The top ten shows of the week according to Nielsen Research:
1. America's Got Talent, NBC, 8.3/14; 2. Two and a Half Men, CBS, 7.4/12; 3. So You Think Can Dance (Thursday), Fox, 6.9/11; 4. CSI: Crime Scene Investigation, CBS, 6.8/11; 5. Deal or No Deal, NBC, 6.7/12; 6. CSI: Miami, CBS, 6.6/11; 7. So You Think Can Dance (Wednesday), Fox, 6.5/11; 8. CSI: NY, CBS, 6.4/10; 9. NBA Finals (Game 1), ABC, 6.3/10; 9. NCIS, CBS, 6.3/11; 9. Shark, CBS, 6.3/11.
THE SOPRANOS WOULD HAVE BEEN #2 FOR THE WEEK
Although HBO can be seen in fewer than a third of U.S. households, its telecast of the final episode of The Sopranos was watched by more people than any other program on the air Sunday night -- 11.9 million. In fact it was watched by more people than any other program aired by the broadcast networks for the whole of last week, except the top-rated show, NBC's America's Got Talent. It was not, however, the most-viewed episode of the mob drama. The season-four premiere in Sept. 2002 attracted 13.4 million, and the closing episode that year attracted 12.5 million. The 2004 premiere was also watched by more than the finale's -- 12.1 million.
TVNEWSER WRITER JUMPS FROM COLLEGE TO NEW YORK TIMES
"After three years reporting about reporters, it's time to be a reporter. Starting next month, I'll be covering the media world for The New York Times," Brian Stelter, who operates the lively TVNewser blog, wrote Tuesday. Stelter will be coming to the Times straight out of college. He was graduated only last month from Towson University with a degree in mass communication. In a memo to the newspaper's business staff, business editor Larry Ingrassia wrote that Stelter's hiring "underscores the expansion of our efforts to integrate what we do online and in the print edition." In an interview with Poynter Online, Stelter said that he expects to focus on the migration of television programming to the Internet. "I watch a lot of TV," he said. "But I don't watch it with a remote control anymore. I watch it on my computer." He said that he will be leaving TVNewser on July 20.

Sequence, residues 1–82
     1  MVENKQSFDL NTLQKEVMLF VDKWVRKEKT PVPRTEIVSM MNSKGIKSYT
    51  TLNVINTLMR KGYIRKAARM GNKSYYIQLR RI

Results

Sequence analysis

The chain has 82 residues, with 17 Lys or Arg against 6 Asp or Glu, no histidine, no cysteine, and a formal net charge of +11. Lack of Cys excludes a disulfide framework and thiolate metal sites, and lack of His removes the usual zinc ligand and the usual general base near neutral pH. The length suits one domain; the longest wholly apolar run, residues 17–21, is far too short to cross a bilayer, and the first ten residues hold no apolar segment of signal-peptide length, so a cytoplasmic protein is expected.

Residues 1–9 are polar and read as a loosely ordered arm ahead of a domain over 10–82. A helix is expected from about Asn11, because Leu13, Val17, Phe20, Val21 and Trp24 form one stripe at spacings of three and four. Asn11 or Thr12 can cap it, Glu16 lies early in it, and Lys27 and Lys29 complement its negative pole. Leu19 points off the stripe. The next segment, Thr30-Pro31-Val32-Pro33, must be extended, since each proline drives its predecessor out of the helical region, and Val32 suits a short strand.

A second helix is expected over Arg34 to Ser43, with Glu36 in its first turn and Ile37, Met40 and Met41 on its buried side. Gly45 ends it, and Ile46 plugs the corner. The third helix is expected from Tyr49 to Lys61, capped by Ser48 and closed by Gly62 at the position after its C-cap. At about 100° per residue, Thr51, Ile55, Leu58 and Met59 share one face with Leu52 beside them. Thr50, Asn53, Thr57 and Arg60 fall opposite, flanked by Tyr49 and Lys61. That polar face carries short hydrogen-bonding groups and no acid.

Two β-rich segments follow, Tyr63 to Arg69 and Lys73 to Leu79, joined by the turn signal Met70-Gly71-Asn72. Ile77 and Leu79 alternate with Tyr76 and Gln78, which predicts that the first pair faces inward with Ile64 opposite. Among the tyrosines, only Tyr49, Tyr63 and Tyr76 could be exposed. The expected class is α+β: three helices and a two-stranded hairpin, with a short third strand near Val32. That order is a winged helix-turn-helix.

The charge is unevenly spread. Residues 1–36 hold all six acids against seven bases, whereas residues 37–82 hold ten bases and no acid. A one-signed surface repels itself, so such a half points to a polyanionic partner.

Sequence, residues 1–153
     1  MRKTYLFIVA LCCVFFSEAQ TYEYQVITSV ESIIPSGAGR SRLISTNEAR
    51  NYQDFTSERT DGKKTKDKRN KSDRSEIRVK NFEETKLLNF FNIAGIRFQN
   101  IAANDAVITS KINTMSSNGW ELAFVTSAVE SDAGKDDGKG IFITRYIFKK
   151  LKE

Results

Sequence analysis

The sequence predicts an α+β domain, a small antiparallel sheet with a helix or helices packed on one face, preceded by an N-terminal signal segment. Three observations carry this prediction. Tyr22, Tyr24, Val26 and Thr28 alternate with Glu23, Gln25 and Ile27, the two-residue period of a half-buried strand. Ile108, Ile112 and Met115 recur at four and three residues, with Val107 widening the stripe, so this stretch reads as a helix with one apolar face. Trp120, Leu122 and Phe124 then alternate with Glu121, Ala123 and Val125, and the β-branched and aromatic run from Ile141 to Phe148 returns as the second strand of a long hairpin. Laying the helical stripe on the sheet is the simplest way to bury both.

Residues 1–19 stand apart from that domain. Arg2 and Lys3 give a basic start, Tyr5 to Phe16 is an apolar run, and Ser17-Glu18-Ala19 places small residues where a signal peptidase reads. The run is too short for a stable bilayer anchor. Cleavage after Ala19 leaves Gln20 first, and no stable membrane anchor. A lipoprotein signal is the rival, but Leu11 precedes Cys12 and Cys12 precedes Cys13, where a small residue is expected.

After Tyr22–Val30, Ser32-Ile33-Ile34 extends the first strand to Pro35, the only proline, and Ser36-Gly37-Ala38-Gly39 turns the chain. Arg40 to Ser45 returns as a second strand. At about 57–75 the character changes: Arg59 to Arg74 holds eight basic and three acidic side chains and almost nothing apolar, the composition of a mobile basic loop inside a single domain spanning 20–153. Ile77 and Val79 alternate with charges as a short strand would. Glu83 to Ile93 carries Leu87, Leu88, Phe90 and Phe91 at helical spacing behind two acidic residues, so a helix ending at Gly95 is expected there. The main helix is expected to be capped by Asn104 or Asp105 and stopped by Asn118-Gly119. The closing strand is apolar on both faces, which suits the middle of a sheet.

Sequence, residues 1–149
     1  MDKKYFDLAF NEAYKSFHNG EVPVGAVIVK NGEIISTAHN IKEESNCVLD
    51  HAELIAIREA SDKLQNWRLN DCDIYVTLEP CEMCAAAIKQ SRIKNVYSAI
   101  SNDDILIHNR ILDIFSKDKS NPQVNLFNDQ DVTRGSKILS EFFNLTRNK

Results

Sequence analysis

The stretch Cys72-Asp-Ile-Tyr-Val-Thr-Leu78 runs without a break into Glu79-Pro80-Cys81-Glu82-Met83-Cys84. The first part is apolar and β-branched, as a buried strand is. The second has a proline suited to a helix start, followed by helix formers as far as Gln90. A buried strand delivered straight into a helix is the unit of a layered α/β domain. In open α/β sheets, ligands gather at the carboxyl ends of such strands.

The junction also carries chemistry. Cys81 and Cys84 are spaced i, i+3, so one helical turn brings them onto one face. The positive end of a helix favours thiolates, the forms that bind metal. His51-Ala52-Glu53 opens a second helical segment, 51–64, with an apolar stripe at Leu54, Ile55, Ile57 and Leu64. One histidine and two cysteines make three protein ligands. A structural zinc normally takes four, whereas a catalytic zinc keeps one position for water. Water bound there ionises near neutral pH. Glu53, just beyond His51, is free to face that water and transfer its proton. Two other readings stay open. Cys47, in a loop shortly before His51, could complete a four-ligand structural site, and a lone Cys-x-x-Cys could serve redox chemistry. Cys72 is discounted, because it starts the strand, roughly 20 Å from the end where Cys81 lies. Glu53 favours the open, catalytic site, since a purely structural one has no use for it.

BANCROFT FAMILY TO PROPOSE EDITORIAL "BUFFER" TO MURDOCH
The Bancroft family will sell Dow Jones, publisher of the Wall Street Journal, to Rupert Murdoch's News Corp if Murdoch is able to assure the family that he will not meddle with the newspaper editorially, the Washington Post reported today (Wednesday), citing an unnamed source. The family reportedly plans to submit a proposal to Murdoch today outlining requirements for a "buffer" that would guarantee the editorial independence of the newspaper.
TV'S MR. WIZARD DEAD AT 89
TV pioneer Don Herbert, known as "Mr. Wizard" on television for 14 years as he introduced a generation of younger viewers to basic science on Saturday mornings beginning in 1951, died of bone cancer in Bell Canyon, CA Tuesday at the age of 89. His Watch Mr. Wizard, which aired on NBC, entertainingly presented scientific experiments using ordinary household items. In its obituary, the New York Times referred to him as "an influential showman-science teacher." The Museum of Broadcast Communications noted on its website that NBC attempted to revive the program in 1971, "but Herbert's old leisurely pace of the 1950s seemed outdated and the show left the air" the following year.